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The Bundestag’s primary means of influencing EU lawmaking is via the Federal Government. In addition, Parliament can contact the Commission direct and work together with other national parliaments and the European Parliament. Cooperation with the European Parliament, in particular, has intensified in recent years. For example, interparliamentary meetings and hearings are held at regular intervals, allowing the parliaments of the Member States to be involved in the legislative work of the European Parliament in the case of important EU proposals.
The Bundestag requires comprehensive information in order to participate in EU affairs and to exercise its rights to scrutinise the work of the Federal Government. These rights are enshrined in Article 23 (2) and (3) of the Basic Law (the German constitution) and fleshed out in the Act on Cooperation between the Federal Government and the German Bundestag in Matters concerning the European Union (EUZBBG), which was amended in September 2009. The Act requires the Federal Government to provide the Bundestag with comprehensive information at the earliest possible time. In particular, the government must transmit to the Bundestag all Commission proposals for EU regulations and directives, reports, communications, green and white papers, and proposals for Council decisions, and inform the Bundestag about plans and discussions concerning these drafts at European level.
At the centre of Parliament’s participation in EU affairs is the examination of EU proposals by the Bundestag’s committees: proposals are discussed by a lead committee and usually also by other committees. As EU items undergo a constant process of amendment in the European legislative process, it is not uncommon for the committees to deliberate on them several times, from the initial referral of the original document until the final decision is taken on the draft by the Council and the European Parliament.
The deliberations in the Bundestag can be concluded by the committee responsible for the EU item issuing a recommendation for a decision to the plenary. The plenary then adopts a decision (“opinion”) on the basis of the recommendation. An opinion can also be adopted by the Bundestag on the basis of a motion tabled by at least one parliamentary group. The Bundestag can deliver an opinion to the Federal Government on all EU proposals. Before the Federal Government takes action regarding EU projects under Section 3 of the EUZBBG, it must give the Bundestag the opportunity to deliver an opinion (Section 9 (1), first sentence, of the EUZBBG). If the Bundestag delivers an opinion, the Federal Government must use it as the basis for its negotiations at European level (Section 9 (2), first sentence, of the EUZBBG). In the case of opinions relating to a legislative act, the Federal Government must invoke at European level the requirement of prior parliamentary approval if one of the main interests expressed in the decision of the Bundestag cannot be asserted (Section 9 (4), first sentence, of the EUZBBG). The Federal Government has the right to deviate from the Bundestag’s opinion if there are compelling reasons relating to foreign or integration policy for doing so.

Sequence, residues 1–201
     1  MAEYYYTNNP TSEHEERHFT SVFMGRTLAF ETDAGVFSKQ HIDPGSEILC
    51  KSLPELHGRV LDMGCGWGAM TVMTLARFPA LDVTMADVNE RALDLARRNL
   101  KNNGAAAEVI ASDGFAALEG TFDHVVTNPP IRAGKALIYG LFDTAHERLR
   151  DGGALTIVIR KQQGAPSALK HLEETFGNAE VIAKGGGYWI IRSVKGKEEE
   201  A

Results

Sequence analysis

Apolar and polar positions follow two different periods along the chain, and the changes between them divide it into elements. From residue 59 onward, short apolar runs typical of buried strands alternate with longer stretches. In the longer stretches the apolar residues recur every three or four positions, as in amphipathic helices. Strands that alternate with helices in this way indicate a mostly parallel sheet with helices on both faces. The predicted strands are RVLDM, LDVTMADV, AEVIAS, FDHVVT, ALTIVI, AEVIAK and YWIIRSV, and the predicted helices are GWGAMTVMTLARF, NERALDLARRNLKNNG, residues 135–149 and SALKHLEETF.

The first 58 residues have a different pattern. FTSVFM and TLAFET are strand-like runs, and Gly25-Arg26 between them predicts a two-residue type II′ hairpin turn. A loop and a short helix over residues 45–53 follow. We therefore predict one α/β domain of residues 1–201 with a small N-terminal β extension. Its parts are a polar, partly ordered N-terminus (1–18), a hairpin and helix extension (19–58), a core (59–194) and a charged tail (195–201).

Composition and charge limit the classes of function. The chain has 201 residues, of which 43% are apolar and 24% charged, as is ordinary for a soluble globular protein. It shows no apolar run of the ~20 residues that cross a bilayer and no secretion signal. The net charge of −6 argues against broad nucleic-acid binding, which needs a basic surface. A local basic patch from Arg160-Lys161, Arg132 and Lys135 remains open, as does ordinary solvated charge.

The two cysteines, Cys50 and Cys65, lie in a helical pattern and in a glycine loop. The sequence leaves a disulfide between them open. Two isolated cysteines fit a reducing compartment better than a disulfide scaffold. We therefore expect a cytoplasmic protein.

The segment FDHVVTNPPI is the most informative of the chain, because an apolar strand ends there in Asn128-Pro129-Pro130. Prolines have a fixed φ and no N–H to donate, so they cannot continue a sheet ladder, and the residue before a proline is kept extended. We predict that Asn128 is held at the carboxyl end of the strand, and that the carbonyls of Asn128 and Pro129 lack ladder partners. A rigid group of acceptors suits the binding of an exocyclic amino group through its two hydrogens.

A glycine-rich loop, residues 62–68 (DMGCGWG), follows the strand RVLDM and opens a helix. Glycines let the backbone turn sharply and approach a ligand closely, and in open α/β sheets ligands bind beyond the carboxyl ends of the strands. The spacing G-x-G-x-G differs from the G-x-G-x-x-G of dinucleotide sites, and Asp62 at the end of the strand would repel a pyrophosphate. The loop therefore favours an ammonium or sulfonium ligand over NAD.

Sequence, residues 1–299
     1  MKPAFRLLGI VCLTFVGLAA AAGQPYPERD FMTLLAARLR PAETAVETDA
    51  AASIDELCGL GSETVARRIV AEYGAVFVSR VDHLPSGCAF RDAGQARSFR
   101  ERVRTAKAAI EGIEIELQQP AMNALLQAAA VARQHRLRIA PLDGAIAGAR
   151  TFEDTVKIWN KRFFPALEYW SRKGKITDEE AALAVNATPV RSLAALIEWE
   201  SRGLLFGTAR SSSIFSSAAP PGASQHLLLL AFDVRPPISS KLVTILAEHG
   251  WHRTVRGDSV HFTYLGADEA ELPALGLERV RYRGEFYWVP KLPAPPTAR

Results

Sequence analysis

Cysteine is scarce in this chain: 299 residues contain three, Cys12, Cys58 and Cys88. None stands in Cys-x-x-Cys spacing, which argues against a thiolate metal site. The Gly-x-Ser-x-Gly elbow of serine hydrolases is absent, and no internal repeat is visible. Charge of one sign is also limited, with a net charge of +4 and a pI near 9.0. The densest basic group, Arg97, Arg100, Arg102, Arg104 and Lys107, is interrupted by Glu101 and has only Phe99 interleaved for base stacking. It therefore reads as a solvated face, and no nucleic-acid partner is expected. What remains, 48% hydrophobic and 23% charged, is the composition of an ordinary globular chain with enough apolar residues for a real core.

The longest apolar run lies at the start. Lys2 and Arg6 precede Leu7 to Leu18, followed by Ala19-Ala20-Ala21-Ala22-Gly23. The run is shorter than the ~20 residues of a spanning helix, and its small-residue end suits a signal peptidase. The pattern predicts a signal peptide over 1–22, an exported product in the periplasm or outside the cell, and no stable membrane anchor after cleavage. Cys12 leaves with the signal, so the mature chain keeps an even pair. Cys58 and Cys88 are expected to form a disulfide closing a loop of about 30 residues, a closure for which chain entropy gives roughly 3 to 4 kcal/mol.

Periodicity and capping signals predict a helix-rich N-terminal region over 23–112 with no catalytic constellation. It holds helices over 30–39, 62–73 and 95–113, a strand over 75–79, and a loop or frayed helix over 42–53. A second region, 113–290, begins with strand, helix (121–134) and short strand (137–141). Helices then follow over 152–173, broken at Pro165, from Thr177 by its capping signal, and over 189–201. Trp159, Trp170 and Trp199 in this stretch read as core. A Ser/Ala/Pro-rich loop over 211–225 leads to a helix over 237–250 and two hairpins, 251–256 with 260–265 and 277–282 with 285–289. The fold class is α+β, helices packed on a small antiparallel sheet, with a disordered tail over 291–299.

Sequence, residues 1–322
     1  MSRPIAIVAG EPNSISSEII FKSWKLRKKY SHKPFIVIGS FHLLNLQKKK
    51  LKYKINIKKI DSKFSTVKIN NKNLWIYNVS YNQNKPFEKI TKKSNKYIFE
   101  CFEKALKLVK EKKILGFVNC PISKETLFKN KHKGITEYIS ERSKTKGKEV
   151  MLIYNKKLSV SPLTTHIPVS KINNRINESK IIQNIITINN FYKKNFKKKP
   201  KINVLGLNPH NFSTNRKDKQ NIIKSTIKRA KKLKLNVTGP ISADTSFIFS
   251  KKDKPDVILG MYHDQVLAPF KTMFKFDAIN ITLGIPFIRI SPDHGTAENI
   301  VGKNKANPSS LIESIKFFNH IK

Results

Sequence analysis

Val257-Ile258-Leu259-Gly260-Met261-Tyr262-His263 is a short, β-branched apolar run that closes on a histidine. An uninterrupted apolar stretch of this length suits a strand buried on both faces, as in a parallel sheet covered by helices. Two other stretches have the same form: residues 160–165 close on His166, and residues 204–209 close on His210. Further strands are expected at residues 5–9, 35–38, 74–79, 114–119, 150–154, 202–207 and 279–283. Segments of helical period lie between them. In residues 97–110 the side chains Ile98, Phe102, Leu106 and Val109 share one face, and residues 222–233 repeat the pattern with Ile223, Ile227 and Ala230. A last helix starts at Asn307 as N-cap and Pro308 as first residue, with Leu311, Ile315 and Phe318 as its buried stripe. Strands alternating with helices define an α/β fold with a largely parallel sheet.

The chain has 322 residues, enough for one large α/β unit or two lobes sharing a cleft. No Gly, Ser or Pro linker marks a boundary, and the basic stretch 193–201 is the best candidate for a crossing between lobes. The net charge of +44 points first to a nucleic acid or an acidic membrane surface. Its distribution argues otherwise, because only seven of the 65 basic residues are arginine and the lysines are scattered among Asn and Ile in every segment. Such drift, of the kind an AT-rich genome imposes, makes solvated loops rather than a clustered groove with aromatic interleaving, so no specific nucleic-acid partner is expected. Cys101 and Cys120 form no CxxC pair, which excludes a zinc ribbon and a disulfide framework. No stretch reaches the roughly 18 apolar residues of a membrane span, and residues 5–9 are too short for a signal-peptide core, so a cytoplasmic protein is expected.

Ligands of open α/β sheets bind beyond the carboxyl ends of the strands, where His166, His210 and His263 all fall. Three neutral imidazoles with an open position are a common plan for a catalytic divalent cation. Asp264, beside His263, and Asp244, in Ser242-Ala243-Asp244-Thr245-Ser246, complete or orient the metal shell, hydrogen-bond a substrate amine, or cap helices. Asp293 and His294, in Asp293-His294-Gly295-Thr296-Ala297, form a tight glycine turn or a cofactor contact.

In addition, the Bundestag can, pursuant to Article 45 of the Basic Law, empower the Committee on the Affairs of the European Union to exercise its participatory rights vis-à-vis the Federal Government and the institutions of the European Union.
In the wake of the Federal Constitutional Court’s judgment of 30 June 2009 on the ratification of the Treaty of Lisbon, the Bundestag received additional participatory and decision-making rights in EU affairs as a result of the Responsibility for Integration Act adopted in September 2009. Under this Act, the Federal Government can, in the case of specific EU proposals which fall within the scope of the Bundestag’s special responsibility for integration, only take final action in the Council on the basis of a law passed beforehand, or of a decision taken or instructions issued by the Bundestag.
The Responsibility for Integration Act also contains provisions relating to the subsidiarity objection and action (Sections 11 and 12). Under the principle of subsidiarity, the EU may act only if and in so far as the objectives of the proposed action cannot be sufficiently achieved by the Member States but can rather, by reason of the scale or effects of the proposed action, be better achieved at Union level (Article 5 (3) of the Treaty on European Union). In accordance with Article 6 of the second protocol to the Treaty of Lisbon, the national parliaments can, within eight weeks from the date of transmission of a draft legislative act, in the official languages of the Union, state in reasoned opinions why they consider that the draft in question does not comply with the principle of subsidiarity. If a majority of the national parliaments conclude in their reasoned opinions that the draft is incompatible with the principle of subsidiarity, the draft may be rejected by the Union legislator (the Council and the European Parliament). Section 12 of the Responsibility for Integration Act in conjunction with Article 8 of the second protocol to the Treaty of Lisbon also gives the Bundestag the possibility of bringing a subsidiarity action before the European Court of Justice.